LAHORE, Pakistan (Reuters) - Pakistan on Wednesday executed a man who was 15 when he was sentenced to death for murder and whose lawyers say was tortured into confessing, in a case that has prompted concern among rights groups and the United Nations.
Aftab Bahadur was sentenced to death for killing three people in 1992 and human rights group Reprieve said two witnesses who implicated Bahadur had since recanted, saying they were tortured.
At the time, the death penalty could be passed on a 15 year old, but the minimum age was raised to 18 in 2000.
Testimony obtained by torture is also inadmissible.
“Aftab Bahadur was hanged at District Jail Lahore on Wednesday at 4.30 am,” a jail official in Pakistan’s eastern city of Lahore said, declining to be named as he was not authorized to speak to the media on the issue.
“Before the hanging, he was crying and saying he was innocent.”
The date of birth on Bahadur’s birth certificate and national identity card, June 30, 1977, is not disputed by authorities.
“Pakistan proceeded with Mr Bahadur’s execution despite his having been sentenced to death when he was a child - in violation of both international and Pakistani law,” Reprieve said.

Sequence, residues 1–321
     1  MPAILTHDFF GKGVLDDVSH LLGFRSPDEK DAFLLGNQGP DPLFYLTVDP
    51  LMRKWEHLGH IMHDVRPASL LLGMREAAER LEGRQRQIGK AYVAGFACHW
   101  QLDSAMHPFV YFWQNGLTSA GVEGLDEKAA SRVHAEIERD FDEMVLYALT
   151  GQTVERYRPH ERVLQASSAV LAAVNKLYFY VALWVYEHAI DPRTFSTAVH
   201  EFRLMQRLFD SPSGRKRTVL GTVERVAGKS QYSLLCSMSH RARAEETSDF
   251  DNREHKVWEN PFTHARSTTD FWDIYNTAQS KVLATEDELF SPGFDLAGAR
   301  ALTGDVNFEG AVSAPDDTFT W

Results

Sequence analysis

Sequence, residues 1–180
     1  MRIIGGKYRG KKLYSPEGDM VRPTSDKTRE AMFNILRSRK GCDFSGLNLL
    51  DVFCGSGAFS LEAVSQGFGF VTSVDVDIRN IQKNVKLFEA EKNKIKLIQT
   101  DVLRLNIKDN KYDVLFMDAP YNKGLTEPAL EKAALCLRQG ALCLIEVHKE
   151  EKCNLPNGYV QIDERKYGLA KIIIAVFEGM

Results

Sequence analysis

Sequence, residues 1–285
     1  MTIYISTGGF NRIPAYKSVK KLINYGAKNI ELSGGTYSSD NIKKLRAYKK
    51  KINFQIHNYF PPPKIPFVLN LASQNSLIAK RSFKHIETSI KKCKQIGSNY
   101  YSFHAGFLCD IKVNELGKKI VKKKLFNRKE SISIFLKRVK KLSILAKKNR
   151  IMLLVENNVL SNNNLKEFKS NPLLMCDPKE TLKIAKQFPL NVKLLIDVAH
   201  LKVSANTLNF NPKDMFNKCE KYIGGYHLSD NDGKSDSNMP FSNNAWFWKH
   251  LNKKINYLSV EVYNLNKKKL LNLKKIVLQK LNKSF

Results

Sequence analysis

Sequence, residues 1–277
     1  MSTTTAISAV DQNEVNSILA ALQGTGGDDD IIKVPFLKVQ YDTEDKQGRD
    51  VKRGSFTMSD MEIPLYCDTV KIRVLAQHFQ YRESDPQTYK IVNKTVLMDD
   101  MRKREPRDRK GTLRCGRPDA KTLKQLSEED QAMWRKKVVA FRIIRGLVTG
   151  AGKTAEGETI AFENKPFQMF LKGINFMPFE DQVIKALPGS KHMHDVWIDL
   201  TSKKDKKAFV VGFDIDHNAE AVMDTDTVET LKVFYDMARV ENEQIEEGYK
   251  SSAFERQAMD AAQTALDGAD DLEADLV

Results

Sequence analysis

Prime Minister Nawaz Sharif lifted the moratorium on the death penalty last year, a day after Pakistani Taliban gunmen attacked a school and killed 134 pupils and 19 adults. The killings put pressure on the government to do more to tackle the Islamist insurgency.
In an essay written from jail and published a day before his hanging, Bahadur, a Christian, repeated his assertion that he was innocent.
“But I do not know whether that will make any difference,” he wrote. “I have not given up hope, though the night is very dark ... It would perhaps have been better not to have to think of what the police did to try to get me to confess falsely to this crime.”
On Tuesday, another man, Shafqat Hussain, whose lawyers say was a child when charged with murder and only confessed after being tortured, was handed a reprieve just hours before he was to be executed, the fourth time his death penalty has been stayed.
But the Supreme Court rejected Hussain’s appeal on Wednesday morning.
His lawyers say he was 14 in 2002 when he was burnt with cigarettes and had his fingernails removed until he confessed to killing a child. Authorities say he was 23 when he was sentenced.
Writing By Mehreen Zahra-Malik; Editing by Nick Macfie